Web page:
Everyone wants to tell teachers how to do their job, and everyone seems to know more about schools and teaching than teachers do. Needless to say, this is frustrating. I doubt that many patients tell their dentist how to do a root canal because they have had them done before. Why do so many people assume that they know more about teaching than teachers do? Don’t accept those assumptions. Use your own writing and speaking skills. Be proud that you are a teacher who specializes in the teaching and learning of language. Be heard! Let your authentic, informed teaching voices be heard!
Write letters to the editor. Be sure to check the requirements of each newspaper or magazine, since they often have word limits. Include personal stories. They always get the attention of readers. Challenge yourself to write as clearly and concisely as possible. This is a good exercise for us, since we teach writing and expect our own students to master these skills.
Contact lawmakers in writing. It is easy to reach out to members of congress now via their websites or through social media like Twitter and Facebook. Old-fashioned letters often garner a greater level of attention. Use aps like Countable or Resistbot to easily reach your legislators. Countable provides summaries of legislation and other initiatives moving through congress and allows you to easily contact your members of congress. Resist Bot will let you FAX your legislators.
Call or visit your legislators. Develop and use a script when you call. Stick to the script and do not ramble. If you call, be patient. It could take you some time to get through to the office. If you get the answering service, hang on if you can and wait to speak to an aide. If you cannot get through, leave a succinct voicemail. It is better than nothing, and it will be logged in. If you can, try to carve out some time in your busy schedule to visit legislative offices in person. Taking a colleague with you is helpful, since it is reassuring to team with another person, and you can keep each other focused. When you call or visit, you generally will talk to a staff member rather than the legislator. This is fine. Remember, staff members are required to log in all calls and visits and report your concerns to the legislator. Whether you call or visit, focus on one point, and keep reinforcing it. Include personal stories in your commentary during calls and visits. Stories are easily remembered. We are English teachers and know narrative is powerful.
I have learned in my own advocacy training sessions that legislators pay most attention to personal visits and phone calls. Actual letters come next, followed by email. I have heard that they disregard all those “sign your name” e-petitions. You are a busy person, so do what makes sense for you, even if it is just an email or tweet. Even brief contacts serve a useful purpose. They are recorded. Remember that most legislators are hungry for data about their constituents and their views. My recent experience with a telephone town hall organized by the legislator who represents my district in the House of Representatives unintentionally demonstrated the power of phone calls. At one point in the telephone town hall, since he refuses to host in-person town halls, he got rather testy and irritable saying, “So you people can stop calling my office. My aides have better work to do.” Really? And who gave you your job, sir? Needless to say, the calling continued. We had justifiably hit a nerve!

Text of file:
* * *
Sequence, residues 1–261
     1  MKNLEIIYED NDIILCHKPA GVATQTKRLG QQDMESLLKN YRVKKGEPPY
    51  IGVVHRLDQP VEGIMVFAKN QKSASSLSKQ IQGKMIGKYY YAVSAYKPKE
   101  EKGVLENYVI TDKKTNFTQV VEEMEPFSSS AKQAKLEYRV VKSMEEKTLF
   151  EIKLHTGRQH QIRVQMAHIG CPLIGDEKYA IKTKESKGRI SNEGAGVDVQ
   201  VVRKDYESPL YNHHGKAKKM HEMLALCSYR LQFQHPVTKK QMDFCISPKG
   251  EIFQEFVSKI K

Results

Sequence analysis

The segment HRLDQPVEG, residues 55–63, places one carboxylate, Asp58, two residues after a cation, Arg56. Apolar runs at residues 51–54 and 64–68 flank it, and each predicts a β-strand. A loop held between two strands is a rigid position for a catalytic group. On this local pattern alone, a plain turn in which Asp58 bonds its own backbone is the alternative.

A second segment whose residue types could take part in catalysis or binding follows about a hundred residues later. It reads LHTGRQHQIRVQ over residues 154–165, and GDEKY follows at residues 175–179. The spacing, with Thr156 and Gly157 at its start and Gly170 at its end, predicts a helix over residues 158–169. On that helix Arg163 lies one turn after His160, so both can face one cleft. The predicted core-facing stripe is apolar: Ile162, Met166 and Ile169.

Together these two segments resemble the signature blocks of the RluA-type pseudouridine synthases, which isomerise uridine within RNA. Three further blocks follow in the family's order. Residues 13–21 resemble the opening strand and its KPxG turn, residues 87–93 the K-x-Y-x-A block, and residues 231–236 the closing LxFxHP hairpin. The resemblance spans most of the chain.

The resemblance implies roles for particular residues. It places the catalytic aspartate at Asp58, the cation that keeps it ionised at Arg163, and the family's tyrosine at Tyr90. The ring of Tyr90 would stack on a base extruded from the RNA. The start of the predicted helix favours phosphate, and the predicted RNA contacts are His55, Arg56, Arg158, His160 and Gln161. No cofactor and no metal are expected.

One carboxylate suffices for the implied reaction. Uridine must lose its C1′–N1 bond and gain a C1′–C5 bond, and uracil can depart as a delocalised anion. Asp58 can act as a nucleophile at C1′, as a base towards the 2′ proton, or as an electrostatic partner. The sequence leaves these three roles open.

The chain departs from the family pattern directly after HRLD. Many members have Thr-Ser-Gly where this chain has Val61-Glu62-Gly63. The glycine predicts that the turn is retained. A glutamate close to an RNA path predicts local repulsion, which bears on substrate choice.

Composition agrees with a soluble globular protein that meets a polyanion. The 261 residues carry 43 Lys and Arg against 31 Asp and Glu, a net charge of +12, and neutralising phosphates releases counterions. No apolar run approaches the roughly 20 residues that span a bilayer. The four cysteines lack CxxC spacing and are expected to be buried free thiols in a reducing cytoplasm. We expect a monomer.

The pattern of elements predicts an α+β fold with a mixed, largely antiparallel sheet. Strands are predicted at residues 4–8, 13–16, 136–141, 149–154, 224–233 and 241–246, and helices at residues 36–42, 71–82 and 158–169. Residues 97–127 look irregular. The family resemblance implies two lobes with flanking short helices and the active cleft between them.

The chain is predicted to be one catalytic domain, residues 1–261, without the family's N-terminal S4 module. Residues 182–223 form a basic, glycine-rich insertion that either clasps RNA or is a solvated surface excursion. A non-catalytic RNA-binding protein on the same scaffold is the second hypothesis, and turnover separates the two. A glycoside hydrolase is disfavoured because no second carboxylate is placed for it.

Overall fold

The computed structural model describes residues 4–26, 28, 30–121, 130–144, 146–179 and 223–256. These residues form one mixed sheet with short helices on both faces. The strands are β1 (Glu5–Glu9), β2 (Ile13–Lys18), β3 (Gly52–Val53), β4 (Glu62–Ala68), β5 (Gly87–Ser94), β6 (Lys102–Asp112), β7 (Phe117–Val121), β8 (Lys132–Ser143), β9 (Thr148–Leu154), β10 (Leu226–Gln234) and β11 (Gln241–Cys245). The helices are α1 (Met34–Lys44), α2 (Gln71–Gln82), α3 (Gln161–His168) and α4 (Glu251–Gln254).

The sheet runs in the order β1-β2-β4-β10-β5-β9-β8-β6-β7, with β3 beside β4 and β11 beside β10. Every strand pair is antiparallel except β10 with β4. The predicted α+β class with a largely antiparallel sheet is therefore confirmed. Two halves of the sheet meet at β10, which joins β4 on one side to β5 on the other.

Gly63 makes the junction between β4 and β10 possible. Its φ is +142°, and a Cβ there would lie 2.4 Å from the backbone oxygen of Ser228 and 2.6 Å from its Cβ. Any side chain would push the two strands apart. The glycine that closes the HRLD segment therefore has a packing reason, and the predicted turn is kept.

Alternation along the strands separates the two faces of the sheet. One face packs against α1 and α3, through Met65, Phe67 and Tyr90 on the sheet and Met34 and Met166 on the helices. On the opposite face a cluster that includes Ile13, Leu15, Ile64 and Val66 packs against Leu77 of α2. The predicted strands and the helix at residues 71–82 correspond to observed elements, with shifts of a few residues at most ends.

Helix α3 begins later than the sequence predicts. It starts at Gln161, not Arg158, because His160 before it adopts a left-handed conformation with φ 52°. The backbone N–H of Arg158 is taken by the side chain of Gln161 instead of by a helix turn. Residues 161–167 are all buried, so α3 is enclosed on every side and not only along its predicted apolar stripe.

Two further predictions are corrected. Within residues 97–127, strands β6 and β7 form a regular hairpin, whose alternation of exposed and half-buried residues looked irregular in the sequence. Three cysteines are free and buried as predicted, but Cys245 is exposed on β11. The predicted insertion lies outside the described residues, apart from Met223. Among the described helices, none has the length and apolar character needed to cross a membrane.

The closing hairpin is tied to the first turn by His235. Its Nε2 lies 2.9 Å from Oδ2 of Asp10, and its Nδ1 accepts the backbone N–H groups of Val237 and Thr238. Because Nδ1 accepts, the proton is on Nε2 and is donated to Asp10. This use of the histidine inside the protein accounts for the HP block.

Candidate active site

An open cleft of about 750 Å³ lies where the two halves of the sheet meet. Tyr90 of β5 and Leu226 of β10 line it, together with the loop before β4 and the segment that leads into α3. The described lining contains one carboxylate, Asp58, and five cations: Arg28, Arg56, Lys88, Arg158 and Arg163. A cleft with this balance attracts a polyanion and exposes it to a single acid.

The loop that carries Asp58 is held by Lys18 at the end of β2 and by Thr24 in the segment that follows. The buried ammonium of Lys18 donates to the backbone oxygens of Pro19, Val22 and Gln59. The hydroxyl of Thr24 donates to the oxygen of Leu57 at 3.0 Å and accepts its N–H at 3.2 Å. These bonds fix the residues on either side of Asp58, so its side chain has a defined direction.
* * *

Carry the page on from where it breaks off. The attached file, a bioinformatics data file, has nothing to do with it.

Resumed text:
Finally, take care of yourself! Attending to your own needs is vital to your physical and mental health. I have been a teacher for more than 40 years, and I recognize from experience that teachers’ work is intellectually and emotionally demanding enough without adding on the time it takes to engage in political activism. Huddle for comfort, reassurance, safety, and increased power. Cultivate your friends and colleagues who share your concerns. Take time to enjoy a cup of coffee, a glass of wine, and meal together. Engage in rituals that bring you joy. Find time for yourself, your family, and your friends. Carve out time to do things you enjoy.
I retired a year ago, and I have been spending an extraordinary amount of time volunteering as a political activist. It is not exactly what I expected to do in retirement, though I always aimed to continue to advocate for teachers. My “job” has morphed. I no longer find myself restricted by an academic schedule. I have no sets of papers to grade or classes and courses to prepare. Now I belong to citizens’ organizations. I rejoined NEA and NJEA after thirty years of working in higher education and have become active in retired educators groups. I remain committed to my favorite professional organizations, NCTE and NJCTE. While I no longer have the responsibilities of a working educator, I still have to take care of myself. An early morning class at the gym works for me, as do yoga and long walks in beautiful places and writing I enjoy. Find what delights you. The people and activities you love keep you refreshed and positive.
It is too easy to become trapped in despair and hopelessness in our current political climate, which leads to the loss of our locus of control. We owe it to ourselves and others to take time to awaken to a new dawn within ourselves, become prepared, make our voices heard, and care for ourselves so we can continue our mission as educators and citizens in service to others. Action is healing.
Nelson, J.L. & Stanley, W.B. Protecting the right to teach and learn (2001). In Daly, J.K., Schall, P.L., and Skeele, R. (Eds.) Protecting the Right to Teach and Learn: Power Politics, and Public Schools. New York: Teachers College Press.
Written by Pat Schall, NJCTE Board Member
Posted by Audrey Fisch, blog editor for NJCTE
New Jersey Council of Teachers of English, the New Jersey state affiliate of NCTE, the National Council of Teachers of English